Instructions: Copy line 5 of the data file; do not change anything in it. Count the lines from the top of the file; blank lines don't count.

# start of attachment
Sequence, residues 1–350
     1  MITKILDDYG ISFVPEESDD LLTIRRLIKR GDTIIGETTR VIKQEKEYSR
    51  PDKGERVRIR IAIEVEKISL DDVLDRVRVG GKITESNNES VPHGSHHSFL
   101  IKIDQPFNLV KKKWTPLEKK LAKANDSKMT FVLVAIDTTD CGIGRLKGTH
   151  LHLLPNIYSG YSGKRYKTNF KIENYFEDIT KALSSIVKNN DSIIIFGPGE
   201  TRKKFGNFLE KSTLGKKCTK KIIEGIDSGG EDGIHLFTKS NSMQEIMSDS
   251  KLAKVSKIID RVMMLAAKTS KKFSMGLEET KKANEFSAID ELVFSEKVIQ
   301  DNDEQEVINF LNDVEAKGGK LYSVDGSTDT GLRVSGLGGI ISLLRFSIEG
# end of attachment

   151  LHLLPNIYSG YSGKRYKTNF KIENYFEDIT KALSSIVKNN DSIIIFGPGE